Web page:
Hugh Byrne is an NHS hospital consultant in London.

Jeremy Hunt’s speech on 16th July had vision, insight and a dose of reality. The rather predicable storm of outrage amongst doctors has mostly been confined to social media. Their ill-judged responses are a protectionist reaction to a single aspect of his speech: the section that took on meaningful seven day service provision. A Twitter and Facebook campaign using the affronted #ImInWorkJeremy hashtag started, and it was this campaign rather than the substance of the issue itself that became the minor news story. The public, who are the service users, aren’t impressed. I’m ashamed that other important insights in the speech into the way the health service could be run, and some harsh realities about the actual harm caused to patients by the way it is run, have been largely ignored by my reactionary colleagues.

The majority of the tweets are from junior doctors, and if these were removed there would be very few tweets left in circulation. Seven day working is about improving senior input and leadership, and mostly applies to consultants who don’t currently undertake any meaningful weekend work, but juniors and irrelevant consultants alike waded in without thinking and publicly criticised their employers. Most will not have read or listened to the speech in its entirety, and of course there are rational counter arguments to each and all of their histrionic claims.

The previous, less noisy, medical media storm occurred when the Secretary of State correctly pointed out the hard reality that we effectively kill or maim several hundred newborns a year through poor standards of care. The midwives of Facebook chose to take this as a criticism of their individual work rather than an acknowledgment of the difficulty of their jobs in the wider setting. It is a reflection on the fact that the majority of NHS staff vote for the Left that they chose to respond through personal attack rather than logical argument.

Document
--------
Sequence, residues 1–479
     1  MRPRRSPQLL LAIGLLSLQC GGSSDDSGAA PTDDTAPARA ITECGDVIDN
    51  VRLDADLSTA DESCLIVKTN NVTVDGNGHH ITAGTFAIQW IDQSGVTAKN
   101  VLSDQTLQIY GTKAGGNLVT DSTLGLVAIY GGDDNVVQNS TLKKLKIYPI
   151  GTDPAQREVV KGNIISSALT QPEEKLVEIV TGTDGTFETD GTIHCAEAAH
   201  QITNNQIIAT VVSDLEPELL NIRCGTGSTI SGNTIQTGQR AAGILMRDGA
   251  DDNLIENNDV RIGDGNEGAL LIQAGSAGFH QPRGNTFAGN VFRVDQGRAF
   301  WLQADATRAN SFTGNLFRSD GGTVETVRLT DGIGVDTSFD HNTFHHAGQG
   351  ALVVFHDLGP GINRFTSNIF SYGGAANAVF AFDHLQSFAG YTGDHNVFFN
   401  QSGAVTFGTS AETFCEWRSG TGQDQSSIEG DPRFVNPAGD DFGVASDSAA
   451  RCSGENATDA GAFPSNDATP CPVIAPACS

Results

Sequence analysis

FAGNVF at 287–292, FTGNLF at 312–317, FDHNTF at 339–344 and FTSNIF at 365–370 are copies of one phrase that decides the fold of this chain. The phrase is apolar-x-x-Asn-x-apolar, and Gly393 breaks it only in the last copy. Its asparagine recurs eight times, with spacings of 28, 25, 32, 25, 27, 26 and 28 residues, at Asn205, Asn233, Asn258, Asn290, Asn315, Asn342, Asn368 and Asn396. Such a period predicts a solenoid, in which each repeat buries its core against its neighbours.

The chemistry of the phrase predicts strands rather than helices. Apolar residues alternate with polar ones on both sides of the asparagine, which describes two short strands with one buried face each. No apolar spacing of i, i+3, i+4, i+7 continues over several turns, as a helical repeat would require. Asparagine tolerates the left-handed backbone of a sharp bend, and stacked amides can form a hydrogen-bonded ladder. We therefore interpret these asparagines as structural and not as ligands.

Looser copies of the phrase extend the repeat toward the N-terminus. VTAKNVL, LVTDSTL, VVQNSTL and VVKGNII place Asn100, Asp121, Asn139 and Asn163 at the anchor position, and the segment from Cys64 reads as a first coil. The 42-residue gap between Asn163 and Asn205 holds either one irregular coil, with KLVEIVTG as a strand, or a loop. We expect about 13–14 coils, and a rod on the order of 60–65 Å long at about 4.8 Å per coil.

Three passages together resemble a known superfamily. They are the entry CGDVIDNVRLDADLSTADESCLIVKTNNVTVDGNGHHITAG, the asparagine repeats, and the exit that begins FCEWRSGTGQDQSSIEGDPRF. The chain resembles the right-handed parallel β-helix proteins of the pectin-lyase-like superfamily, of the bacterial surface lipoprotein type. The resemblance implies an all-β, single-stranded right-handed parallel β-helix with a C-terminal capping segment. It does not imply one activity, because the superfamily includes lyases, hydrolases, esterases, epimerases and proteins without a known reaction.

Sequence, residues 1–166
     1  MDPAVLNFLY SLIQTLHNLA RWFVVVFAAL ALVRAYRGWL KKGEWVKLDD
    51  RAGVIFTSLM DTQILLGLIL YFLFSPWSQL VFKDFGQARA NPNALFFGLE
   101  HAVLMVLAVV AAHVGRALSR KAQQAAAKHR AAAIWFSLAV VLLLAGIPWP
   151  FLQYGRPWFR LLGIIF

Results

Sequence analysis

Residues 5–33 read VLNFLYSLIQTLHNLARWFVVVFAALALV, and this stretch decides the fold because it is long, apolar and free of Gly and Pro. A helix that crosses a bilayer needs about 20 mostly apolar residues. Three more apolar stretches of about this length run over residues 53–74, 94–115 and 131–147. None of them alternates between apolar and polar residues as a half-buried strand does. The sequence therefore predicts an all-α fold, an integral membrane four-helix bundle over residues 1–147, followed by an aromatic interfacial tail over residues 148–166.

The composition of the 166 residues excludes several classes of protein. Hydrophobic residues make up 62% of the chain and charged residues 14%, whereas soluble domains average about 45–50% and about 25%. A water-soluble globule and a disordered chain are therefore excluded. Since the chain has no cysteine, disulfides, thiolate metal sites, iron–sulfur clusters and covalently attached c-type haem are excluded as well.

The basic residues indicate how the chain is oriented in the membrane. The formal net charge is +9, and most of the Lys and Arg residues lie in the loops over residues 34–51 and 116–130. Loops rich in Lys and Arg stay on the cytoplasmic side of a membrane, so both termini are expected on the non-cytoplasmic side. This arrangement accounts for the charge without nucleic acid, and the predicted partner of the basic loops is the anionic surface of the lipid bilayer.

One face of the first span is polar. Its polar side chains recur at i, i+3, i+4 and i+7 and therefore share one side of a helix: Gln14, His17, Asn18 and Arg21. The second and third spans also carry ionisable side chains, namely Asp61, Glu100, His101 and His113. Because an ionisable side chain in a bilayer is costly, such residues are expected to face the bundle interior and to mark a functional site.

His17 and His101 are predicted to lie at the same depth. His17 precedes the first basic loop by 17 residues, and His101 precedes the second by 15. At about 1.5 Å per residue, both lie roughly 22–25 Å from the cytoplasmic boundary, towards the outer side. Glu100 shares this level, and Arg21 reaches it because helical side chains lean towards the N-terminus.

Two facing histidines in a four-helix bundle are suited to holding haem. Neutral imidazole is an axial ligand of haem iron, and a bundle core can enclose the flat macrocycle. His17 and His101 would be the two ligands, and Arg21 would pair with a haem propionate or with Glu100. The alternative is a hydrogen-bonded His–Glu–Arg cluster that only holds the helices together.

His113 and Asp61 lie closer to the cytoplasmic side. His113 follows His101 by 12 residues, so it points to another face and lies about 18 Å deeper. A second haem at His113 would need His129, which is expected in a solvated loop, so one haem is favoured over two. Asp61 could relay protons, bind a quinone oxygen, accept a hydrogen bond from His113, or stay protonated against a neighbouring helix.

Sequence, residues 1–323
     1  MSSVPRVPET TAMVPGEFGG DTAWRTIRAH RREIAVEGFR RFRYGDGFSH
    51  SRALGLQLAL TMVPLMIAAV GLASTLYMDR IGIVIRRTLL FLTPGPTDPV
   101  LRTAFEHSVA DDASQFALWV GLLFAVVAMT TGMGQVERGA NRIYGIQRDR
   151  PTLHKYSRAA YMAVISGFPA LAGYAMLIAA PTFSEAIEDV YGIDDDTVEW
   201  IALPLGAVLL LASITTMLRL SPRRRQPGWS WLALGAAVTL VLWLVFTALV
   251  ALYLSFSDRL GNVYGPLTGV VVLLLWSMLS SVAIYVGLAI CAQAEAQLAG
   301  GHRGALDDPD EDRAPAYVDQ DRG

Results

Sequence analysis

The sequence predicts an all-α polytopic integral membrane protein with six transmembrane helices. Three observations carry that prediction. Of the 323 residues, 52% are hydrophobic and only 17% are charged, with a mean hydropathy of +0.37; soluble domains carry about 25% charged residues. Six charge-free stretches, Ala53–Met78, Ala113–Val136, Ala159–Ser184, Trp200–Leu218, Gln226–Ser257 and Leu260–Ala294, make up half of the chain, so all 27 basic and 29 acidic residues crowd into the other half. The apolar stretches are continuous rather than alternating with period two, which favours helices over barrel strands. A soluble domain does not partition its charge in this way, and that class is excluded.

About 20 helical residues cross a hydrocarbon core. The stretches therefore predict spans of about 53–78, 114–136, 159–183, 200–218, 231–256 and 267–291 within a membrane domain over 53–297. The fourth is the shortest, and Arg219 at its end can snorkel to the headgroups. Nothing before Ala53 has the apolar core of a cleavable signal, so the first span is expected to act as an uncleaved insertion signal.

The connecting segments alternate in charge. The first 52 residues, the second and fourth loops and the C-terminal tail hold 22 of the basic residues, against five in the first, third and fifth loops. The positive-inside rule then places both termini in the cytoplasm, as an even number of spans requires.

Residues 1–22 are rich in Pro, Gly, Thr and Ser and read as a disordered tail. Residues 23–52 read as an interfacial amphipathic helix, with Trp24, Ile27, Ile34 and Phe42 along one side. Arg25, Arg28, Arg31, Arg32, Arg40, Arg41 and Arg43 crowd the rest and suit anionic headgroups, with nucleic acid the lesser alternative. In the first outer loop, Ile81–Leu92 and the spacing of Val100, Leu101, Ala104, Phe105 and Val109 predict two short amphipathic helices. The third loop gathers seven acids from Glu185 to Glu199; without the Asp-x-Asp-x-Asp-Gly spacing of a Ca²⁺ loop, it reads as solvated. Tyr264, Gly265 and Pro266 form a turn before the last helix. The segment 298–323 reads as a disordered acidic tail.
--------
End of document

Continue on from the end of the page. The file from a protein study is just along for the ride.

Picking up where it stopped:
The current campaigners now threaten to continue until Hunt resigns. I hope that they can afford this because there will be no repeat of the loss of Lansley, who also truly understood the machinations of the health service. At that time we overestimated the power of unions like the BMA. The resulting strike was laughable, and exposed the BMA’s weakness as a trade union.

I’ve said before that this dilution of their power is because they also try to be a public health body, but their efforts in this regard could be described as being of a barstool standard, if they weren’t too sanctimonious to be found sitting on one. An example of this is their recent proposal of a big government 20 per cent tax on fizzy drinks, which was echoed by Simon Stevens, the NHS CEO (who has a Labour Party background). Perhaps a lesson in simple economic history pitched at their ideological level is needed.

The BMA, and its equivalents for nurses and midwives, the RCN and the RCM, are on the HMRC list of memberships required to function in one’s job, and so subscriptions to them attract tax relief. I would argue that every medical speciality already has their own Royal College to oversee their clinical practice and that there is no need for the BMA beyond a pure trade union role. Conversely, it seems that a lot of nurses and midwives seek advice from UNISON when they feel they need to, so the RCN and RCM should perhaps limit themselves to clinical matters rather than trade union issues.

The #iminworkjeremy hash-tag should surely have read “I’m at work”, but that error of syntax says a lot: yes, doctor, you are indeed ‘in work’ – in well-paid employment in a country that has little or no unemployment amongst medics. Before you idly threaten to leave for New Zealand, please be reminded that they have exactly the same number of doctors per head of their much smaller and relatively homogenous population. Your ready replacement will come from the UK medical school whose places are completely oversubscribed or from abroad – and there can be hundreds of applicants for one UK midwifery training place too.

Some of the more sanctimonious tweeters added that they worked long hours (paid work of course, and subject to the European Working Time Directive), that they stayed on sometimes to see a task through and that they “really cared” about their work – but there isn’t a job on earth where that all doesn’t apply.